A storm system swollen with moisture from an atmospheric river will bring rain to Southern California Tuesday afternoon through Wednesday, prompting the National Weather Service to issue a flash flood watch for all burn areas in Los Angeles, Ventura and Santa Barbara counties.
Across Ventura and Los Angeles counties, the heaviest rainfall is expected late Tuesday evening and Wednesday morning, affecting the Thomas, Hill, Woolsey, Stone, South, Creek and La Tuna burn scars, according to the NWS.
Peak rainfall rates are expected to range between a half-inch and 0.80 inches per hour. There is the potential for isolated thunderstorms, which could produce higher hourly rates, forecasters said.
The flash flood watch will be in effect from 6 p.m. Tuesday until 11 a.m. Wednesday.
“Shallow mud and debris flows will be likely, especially in the first-year burn areas, with the potential for more significant and damaging debris flows. In addition, roadway flooding is likely, especially in low-lying areas, along with rock and mudslides on canyon roads and below steep terrain,” according to the NWS.
Los Angeles County officials warned residents in the Woolsey Fire burn area — where even small amounts of rain may cause significant mud and debris flows — to prepare for the possibility of evacuations, road closures and power outages. Residents were urged to identify two exit routes, make plans for pets and family members with special needs and pack an emergency kit with extra medication, important documents and warm clothing.
Additional sheriff’s deputies, firefighters and public works personnel will be on patrol in the area through Thursday morning, according to the county.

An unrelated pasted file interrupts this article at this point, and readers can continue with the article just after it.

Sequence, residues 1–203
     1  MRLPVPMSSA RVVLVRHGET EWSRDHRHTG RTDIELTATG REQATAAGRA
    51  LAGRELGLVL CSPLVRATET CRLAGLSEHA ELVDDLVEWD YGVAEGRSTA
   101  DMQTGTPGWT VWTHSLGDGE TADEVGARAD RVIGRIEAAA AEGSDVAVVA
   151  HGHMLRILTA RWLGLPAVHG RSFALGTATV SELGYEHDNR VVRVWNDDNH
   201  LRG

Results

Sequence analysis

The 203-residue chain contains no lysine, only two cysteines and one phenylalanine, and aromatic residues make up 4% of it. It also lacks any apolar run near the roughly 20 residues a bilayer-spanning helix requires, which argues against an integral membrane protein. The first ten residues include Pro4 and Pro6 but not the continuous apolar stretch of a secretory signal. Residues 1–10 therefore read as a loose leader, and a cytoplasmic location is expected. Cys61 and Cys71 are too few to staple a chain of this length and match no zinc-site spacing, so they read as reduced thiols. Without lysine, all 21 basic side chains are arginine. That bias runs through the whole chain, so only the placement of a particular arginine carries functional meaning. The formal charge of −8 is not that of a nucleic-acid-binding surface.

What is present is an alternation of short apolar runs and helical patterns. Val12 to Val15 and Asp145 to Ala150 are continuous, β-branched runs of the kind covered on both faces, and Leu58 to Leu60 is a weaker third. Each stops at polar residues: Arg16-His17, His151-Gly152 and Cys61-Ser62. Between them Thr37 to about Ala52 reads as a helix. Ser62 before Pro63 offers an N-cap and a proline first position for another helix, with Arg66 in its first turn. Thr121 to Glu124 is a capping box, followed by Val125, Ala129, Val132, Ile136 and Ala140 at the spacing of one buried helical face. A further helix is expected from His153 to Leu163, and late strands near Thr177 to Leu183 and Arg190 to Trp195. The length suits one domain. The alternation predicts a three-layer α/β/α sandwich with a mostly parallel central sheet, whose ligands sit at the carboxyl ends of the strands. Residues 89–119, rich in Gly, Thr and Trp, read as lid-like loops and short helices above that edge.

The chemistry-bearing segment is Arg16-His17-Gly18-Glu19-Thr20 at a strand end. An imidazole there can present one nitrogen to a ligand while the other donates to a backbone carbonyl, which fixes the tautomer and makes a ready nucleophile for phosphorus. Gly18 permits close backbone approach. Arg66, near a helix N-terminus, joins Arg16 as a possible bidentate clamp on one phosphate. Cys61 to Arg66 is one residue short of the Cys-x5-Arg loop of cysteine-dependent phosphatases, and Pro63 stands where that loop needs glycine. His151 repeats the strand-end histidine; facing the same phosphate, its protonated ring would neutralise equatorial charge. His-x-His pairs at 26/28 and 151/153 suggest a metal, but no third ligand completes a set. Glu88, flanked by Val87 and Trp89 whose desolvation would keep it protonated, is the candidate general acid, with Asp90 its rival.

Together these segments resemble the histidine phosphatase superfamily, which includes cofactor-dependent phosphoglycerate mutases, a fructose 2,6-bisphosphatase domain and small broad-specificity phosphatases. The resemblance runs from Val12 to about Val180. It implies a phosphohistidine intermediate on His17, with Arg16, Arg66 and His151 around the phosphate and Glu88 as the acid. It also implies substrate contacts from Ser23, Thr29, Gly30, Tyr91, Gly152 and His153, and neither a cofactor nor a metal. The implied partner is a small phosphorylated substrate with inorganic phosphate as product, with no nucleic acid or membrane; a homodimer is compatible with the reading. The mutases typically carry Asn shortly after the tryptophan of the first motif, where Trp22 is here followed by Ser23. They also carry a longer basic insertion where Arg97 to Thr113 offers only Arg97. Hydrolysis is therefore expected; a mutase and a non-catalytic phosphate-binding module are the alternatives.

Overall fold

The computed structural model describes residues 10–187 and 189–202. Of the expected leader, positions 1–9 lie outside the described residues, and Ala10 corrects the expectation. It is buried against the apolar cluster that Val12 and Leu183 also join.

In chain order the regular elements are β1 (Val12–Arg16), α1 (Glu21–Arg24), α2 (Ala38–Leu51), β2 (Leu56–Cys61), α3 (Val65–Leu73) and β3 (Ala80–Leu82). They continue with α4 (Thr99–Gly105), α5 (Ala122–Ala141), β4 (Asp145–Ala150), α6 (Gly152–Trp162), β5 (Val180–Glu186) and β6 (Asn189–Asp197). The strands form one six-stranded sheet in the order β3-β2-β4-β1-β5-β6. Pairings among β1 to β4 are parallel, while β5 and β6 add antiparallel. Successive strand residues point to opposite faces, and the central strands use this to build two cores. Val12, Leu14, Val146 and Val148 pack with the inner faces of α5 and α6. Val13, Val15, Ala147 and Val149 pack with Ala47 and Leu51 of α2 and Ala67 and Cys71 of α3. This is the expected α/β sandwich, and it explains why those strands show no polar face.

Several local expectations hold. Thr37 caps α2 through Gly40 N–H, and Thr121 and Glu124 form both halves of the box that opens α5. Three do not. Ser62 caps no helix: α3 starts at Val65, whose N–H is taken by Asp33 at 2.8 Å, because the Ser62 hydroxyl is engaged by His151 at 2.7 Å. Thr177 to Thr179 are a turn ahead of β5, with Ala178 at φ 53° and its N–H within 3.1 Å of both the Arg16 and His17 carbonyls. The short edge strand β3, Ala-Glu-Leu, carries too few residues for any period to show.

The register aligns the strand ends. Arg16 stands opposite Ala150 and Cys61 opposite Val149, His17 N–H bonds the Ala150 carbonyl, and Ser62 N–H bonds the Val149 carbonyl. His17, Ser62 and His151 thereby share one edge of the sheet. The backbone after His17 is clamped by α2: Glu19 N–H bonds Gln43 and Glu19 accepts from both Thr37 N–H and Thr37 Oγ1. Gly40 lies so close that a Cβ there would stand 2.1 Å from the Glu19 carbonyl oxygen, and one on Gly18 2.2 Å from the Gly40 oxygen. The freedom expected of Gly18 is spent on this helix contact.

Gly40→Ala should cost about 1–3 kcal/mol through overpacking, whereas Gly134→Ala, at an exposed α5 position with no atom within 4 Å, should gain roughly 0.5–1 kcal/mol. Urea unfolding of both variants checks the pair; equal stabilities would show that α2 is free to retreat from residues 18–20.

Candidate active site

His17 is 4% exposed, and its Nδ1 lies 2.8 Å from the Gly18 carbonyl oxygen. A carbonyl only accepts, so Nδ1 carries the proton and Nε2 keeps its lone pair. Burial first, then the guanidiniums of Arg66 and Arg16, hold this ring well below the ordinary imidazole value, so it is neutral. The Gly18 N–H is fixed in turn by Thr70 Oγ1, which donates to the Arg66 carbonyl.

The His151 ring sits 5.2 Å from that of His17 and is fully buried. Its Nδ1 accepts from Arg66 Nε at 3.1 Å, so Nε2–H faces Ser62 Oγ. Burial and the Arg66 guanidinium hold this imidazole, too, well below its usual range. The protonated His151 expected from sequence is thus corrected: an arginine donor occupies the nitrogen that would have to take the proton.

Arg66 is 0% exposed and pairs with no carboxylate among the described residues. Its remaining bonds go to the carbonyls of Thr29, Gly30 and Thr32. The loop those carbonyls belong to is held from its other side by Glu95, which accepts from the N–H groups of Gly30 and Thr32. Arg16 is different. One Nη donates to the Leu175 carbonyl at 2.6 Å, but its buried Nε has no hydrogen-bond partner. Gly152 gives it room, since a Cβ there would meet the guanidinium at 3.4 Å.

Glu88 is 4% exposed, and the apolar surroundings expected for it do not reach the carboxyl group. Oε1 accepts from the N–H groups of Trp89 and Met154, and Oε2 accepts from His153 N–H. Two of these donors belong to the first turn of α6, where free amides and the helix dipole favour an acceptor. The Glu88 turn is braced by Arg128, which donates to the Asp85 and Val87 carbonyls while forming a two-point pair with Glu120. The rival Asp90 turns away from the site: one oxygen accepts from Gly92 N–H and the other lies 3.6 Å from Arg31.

Authorities urged everyone to avoid crossing flowing streams or driving through flooded roadways.
The rain will turn to showers by Wednesday evening, then showery conditions will persist through Friday, according to the NWS. Dry weather is expected Saturday, and showers are possible Sunday through Monday.
Rainfall totals across eastern Ventura and L.A. counties should be generally 0.75 to 1.5 inches in coastal and valley areas, and 1.5 to 3 inches in the foothills and mountains. Through Friday, rainfall for Orange County is expected to range from one-half to three-quarters of an inch near the coast to 1.5 to 2.5 inches in the mountains, with local amounts to around 3.5 inches.
In the San Gabriel Mountains, a wind advisory denoting an expectation of 35-mph winds will be in force from 8 p.m. Tuesday to noon Wednesday amid south winds of 20-30 mph gusting at as much as 60 mph.
“Gusty winds will make driving difficult, especially for drivers of high-profile vehicles,” warned the NWS. “When driving, use extra caution. Be prepared for sudden gusty cross-winds.”
Snow levels will be high through Wednesday — generally above 7,500 feet, then drop.
In coastal waters, there is the possibility of isolated thunderstorms from this evening through Wednesday morning. The usual thunderstorm risks will be possible, including gusty and erratic winds, rough seas and the possibility of waterspouts.
Another upper low will drop southeastward through the eastern Pacific Sunday through Monday.
The NWS forecast rain in L.A. County Tuesday and highs of 57 on Mount Wilson; 60 in Avalon; 64 at LAX; 65 in Saugus and Long Beach; 66 in Downtown L.A., Lancaster; 67 in Palmdale, Burbank and San Gabriel; 68 in Woodland Hills; and 69 in Pasadena. Rain is forecast for Wednesday, followed by showers Thursday and Friday, sunny skies Saturday, and more showers on Sunday and Monday.
Partly cloudy skies are forecast in Orange County Tuesday, along with highs of 59 on Santiago Peak; 60 in Laguna Beach and San Clemente; ; 65 on Ortega Highway at 2,600 feet; 62 in Newport Beach; 66 in Fremont Canyon; 68 in Yorba Linda; 69 in Trabuco Canyon, Fullerton and Irvine; 70 in Anaheim; and 71 in Mission Viejo. Rain is expected in Orange County Wednesday, followed by showers Thursday, partly cloudy skies Friday, sunny skies Saturday, partly cloudy skies Sunday and more showers Monday.
More information on storm preparation is available at www.lacounty.gov/LARain. Road closures can be tracked at dpw.lacounty.gov/roadclosures or on Twitter at @CaltransDist7, @LASDHQ, @LHSLASD, @LACoFDPIO and @LACoPublicWorks.
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